Georgia (745), Tennessee (745), and Kentucky (745) have the highest average FICO Scores among the bottom ten states where Americans hold mortgage debt. Likewise, Georgia (3.50x) and Tennessee (3.32x) have income multipliers ranking first and third.

Average Savings on Mortgage Refinancing:

Borrowers who refinanced their mortgages in 2021 saw their average mortgage rate decline by a spread of 1.23%.

Borrowers that opted for a cash-out refinance saved an average of $34 on their annual payments, while borrowers that opted for a non-cash-out refinance saved an average of $2,741, and borrowers that engaged in some form of mortgage refinancing saved an average of $1,616.

Banks Tightening Mortgage Lending Standards:

The net percentage of U.S. banks tightening their mortgage lending standards on subprime mortgages and government mortgages are 9.1% and – 1.8%, respectively.

Mortgage Payments and Disposable Income:

Americans allocated 3.81% of their disposable income to their mortgage payments in Q3 2021. Moreover, the figure has declined by 40% since Q1 2010.

Mortgage Delinquency Rates:

U.S. commercial banks’ delinquency rate on single-family residential mortgages fell to an all-time low of 2.27% in the third quarter of 2021. Moreover, the metric has declined by 80% since Q1 2010 and is down by 3% from its pre-pandemic level (2.35% in Q4 2019).

Average U.S. Mortgage Rates of June 2024: Charts, Graph, Analysis

Historical Average Mortgage Rates

With U.S. mortgage rates stuck in their lower-for-longer trend, the average 30-Year FRM has declined by 29% since Q1 2010. And one-upping their counterpart, the average 15-Year FRM and the average 5/1-Year ARM have decreased by 37% and 35%, respectively, during that same timeframe.

On top of that, the trio has declined by 4%, 12%, and 20%, respectively, relative to Q4 2019.

Period:Average 30-Year FRM:Average 15-Year FRM:Average 5/1-Year ARM:
2010:Q15.00%4.38%4.20%
2010:Q24.92%4.30%3.99%
2010:Q34.45%3.92%3.64%
2010:Q44.44%3.82%3.51%
2011:Q14.85%4.12%3.73%
2011:Q24.65%3.84%3.45%
2011:Q34.29%3.47%3.12%
2011:Q44.00%3.30%2.95%
2012:Q13.92%3.19%2.84%
2012:Q23.79%3.04%2.82%
2012:Q33.55%2.84%2.75%
2012:Q43.36%2.67%2.72%
2013:Q13.50%2.74%2.65%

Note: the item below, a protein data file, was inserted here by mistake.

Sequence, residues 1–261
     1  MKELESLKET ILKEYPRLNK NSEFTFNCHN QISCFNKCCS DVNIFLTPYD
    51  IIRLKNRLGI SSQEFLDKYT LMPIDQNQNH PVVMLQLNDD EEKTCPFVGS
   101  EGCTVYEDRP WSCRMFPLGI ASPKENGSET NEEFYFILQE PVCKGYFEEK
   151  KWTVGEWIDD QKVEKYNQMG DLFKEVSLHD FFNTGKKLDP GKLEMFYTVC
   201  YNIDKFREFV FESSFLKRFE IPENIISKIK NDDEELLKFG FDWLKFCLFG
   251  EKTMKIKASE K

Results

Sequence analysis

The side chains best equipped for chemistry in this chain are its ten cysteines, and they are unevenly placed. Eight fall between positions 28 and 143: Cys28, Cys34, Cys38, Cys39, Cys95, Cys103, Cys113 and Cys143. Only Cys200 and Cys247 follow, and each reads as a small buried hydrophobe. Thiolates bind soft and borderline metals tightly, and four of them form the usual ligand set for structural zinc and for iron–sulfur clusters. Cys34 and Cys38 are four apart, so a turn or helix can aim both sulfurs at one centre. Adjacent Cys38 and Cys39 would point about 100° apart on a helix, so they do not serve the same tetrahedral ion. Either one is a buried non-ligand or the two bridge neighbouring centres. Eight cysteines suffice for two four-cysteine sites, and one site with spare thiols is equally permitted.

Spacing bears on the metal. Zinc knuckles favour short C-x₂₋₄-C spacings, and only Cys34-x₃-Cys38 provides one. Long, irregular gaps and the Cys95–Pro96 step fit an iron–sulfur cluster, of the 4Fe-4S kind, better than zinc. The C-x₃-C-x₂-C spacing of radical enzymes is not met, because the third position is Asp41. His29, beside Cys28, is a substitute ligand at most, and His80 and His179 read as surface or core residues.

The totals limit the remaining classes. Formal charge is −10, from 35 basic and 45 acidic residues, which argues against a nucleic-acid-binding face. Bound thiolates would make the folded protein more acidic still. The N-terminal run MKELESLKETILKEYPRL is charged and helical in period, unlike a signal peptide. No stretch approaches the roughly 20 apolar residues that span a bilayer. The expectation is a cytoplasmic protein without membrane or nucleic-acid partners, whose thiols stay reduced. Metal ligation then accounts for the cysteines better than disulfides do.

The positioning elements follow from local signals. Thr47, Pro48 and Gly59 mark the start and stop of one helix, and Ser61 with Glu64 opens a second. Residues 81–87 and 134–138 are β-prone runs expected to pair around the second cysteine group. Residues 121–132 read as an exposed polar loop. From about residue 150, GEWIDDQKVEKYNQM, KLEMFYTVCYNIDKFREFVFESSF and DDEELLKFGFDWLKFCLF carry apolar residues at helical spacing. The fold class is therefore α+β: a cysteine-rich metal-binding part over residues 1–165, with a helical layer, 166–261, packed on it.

2013:Q23.67%2.84%2.68%
2013:Q34.44%3.48%3.19%
2013:Q44.29%3.35%2.99%
2014:Q14.36%3.40%3.08%
2014:Q24.23%3.31%3.02%
2014:Q34.14%3.26%2.99%
2014:Q43.96%3.17%2.98%
2015:Q13.72%3.01%2.93%
2015:Q23.82%3.06%2.91%
2015:Q33.95%3.15%2.94%
2015:Q43.90%3.12%2.97%
2016:Q13.74%3.02%2.90%
2016:Q23.59%2.85%2.80%
2016:Q33.45%2.75%2.77%
2016:Q43.84%3.10%3.03%
2017:Q14.17%3.40%3.22%
2017:Q23.98%3.24%3.13%
2017:Q33.88%3.17%3.18%
2017:Q43.92%3.29%3.27%
2018:Q14.28%3.74%3.58%
2018:Q24.54%4.01%3.76%
2018:Q34.57%4.03%3.88%
2018:Q44.78%4.21%4.07%
2019:Q14.37%3.82%3.87%
2019:Q24.01%3.46%3.63%
2019:Q33.66%3.13%3.40%
2019:Q43.70%3.16%3.39%
2020:Q13.52%2.98%3.26%
2020:Q23.24%2.71%3.20%
2020:Q32.95%2.46%2.97%
2020:Q42.76%2.29%2.89%
2021:Q12.88%2.28%2.83%
2021:Q23.00%2.31%2.67%
2021:Q32.87%2.17%2.46%
2021:Q43.55%2.77%2.71%

Historical Average Mortgage Origination Rates

With mortgage origination fees increasing borrowers’ out-of-pocket expenses, the expenditures compensate lenders for providing loans. For context, origination fees are quoted as a percentage of the mortgage loan and are paid upfront when the application is processed.

And interestingly, while the average 30-year mortgage rate has declined precipitously, Freddie Mac’s data shows that the average 30-year origination fee rate (0.68%) is the same as in Q1 2010. Even more revealing, the 15-year origination fee rate (0.67%) has increased by 4% since Q1 2010. However, the average 5/1-year origination fee rate (0.40%) has decreased by 32% since Q1 2010.

On the flip side, all three have increased relative to Q4 2019. For example, since the coronavirus pandemic struck, the 30-year, 15-year, and 5/1-year origination fee rates have increased by 17%, 24%, and 11%, respectively.